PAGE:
Helping to explain the contours and nuances of the legal war on terror has been by a mile the most important job I have tried to perform for CBS News since the Twin Towers fell. It also has been by far the most difficult. First, the law is rarely a good "television story" since it rarely involves good video or pictures. It is always a challenge to tell it on the air in a compelling way. Second, our evolving (some say devolving) rules of law governing the fight against terrorism often are so complex and dense that they beggar quick analysis and commentary.
But every once in a while, I come across an article, or a story, or an opinion piece, that crystallizes in one tiny space much of the work I have tried to do over the past five and one-half years. It happened on Sunday, when the editorial page editors of the New York Times offered up as a house editorial what they labeled a "Must-Do List" for the Bush administration to focus upon as it tries to, in the Times' words, "undo the damage" caused by our government's anti-terror policies. The "news peg" for the editorial is the recent effort by some in the new Democratically-controlled Congress to push new legislation that would undercut much of what the old Congress had done.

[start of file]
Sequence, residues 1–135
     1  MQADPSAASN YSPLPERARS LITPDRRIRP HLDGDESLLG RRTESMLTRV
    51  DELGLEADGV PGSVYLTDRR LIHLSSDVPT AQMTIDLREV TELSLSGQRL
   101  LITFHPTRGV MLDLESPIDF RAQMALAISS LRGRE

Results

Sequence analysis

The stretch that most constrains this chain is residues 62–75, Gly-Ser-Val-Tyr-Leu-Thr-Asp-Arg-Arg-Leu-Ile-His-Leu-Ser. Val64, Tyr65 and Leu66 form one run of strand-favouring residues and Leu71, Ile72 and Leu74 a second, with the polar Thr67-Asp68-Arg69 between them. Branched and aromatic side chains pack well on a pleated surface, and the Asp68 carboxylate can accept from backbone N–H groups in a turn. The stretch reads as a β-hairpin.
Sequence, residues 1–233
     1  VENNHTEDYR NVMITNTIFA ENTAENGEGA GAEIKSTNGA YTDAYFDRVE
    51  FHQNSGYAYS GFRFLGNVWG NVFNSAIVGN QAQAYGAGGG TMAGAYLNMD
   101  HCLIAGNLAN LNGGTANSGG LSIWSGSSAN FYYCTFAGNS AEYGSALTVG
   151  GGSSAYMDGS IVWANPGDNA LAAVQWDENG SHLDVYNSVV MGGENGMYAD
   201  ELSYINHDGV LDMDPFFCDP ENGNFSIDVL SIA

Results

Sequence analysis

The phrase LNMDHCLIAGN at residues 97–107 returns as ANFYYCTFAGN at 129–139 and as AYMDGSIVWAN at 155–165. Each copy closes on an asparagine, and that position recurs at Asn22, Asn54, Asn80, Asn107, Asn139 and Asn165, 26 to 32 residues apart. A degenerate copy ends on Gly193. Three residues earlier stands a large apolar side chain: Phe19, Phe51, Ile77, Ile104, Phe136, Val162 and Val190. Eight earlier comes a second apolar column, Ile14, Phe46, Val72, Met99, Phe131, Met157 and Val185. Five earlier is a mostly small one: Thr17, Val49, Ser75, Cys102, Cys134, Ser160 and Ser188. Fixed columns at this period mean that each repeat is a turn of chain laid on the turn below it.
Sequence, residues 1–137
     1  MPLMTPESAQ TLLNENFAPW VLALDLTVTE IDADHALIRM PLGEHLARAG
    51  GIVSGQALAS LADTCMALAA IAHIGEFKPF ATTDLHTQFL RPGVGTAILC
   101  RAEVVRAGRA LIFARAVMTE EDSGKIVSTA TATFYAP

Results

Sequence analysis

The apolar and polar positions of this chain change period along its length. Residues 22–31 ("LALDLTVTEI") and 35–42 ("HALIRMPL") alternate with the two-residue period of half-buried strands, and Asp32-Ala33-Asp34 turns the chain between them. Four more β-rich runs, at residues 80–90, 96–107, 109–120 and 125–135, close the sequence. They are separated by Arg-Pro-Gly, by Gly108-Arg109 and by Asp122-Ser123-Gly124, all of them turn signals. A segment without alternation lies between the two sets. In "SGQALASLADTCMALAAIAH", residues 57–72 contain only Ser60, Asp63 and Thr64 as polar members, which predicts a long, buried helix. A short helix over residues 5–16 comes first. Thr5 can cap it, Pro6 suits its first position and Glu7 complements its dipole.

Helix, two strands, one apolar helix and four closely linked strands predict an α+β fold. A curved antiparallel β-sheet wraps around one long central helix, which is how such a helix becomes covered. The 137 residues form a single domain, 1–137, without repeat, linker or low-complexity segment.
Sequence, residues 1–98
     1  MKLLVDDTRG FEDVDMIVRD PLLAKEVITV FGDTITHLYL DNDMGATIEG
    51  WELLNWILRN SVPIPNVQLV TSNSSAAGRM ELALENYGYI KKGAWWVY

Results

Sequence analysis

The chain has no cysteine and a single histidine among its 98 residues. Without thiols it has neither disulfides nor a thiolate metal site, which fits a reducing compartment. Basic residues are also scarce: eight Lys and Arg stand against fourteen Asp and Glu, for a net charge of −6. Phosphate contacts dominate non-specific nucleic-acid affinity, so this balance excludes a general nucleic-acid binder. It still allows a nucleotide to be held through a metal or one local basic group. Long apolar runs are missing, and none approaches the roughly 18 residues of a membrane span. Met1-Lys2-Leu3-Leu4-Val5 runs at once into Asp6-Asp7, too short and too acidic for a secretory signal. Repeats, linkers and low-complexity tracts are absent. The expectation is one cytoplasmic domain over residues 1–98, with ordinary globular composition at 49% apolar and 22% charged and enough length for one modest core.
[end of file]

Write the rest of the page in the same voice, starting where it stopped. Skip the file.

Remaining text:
Here are the headlines of the list: Restore Habeas Corpus, Stop Illegal Spying, Ban Torture Really, Close the CIA Prisons, Account for Ghost Prisoners, Ban Extraordinary Rendition, Tighten the Definition of (Enemy) Combatant, Screen Prisoners Fairly and Effectively, Ban Tainted Evidence, Ban Secret Evidence, Better Define "Classified" Evidence, and Respect the Right to Counsel. Now, you can tell just from those titles where the Times stands on these issues—and you probably aren't surprised by those positions. And no doubt some of you reading this disagree completely with the "list" the paper has compiled.
Fair enough. But I can tell you, as someone who has covered every single one of those issues, that the paper has fairly identified the most significant disputes and pressure points that have arisen in constitutional and statutory law since September 11, 2001. The past few years have truly been a time of monumental change for our nation's laws- change that has gone in many cases unnoticed by a great many people. In our name, on our behalf, but without necessarily our attention, our government has done dramatic things and taken extraordinary legal positions in fighting the legal war on terror. And it is not at all objectively clear to anyone even five years out that these policies have been smart or good or right or justified.
So, to the extent that simple, easy-to-read editorials like the Times' piece on Sunday help people understand how much our terror laws have become unrecognizable in such a short time, great. To the extent that marvelous documentaries like "Ghosts of Abu Ghraib," currently airing on HBO, help with this education, even better. And, to the extent that brave judges and politicians are willing to try to temper or even negate the worst of those changes, best of all.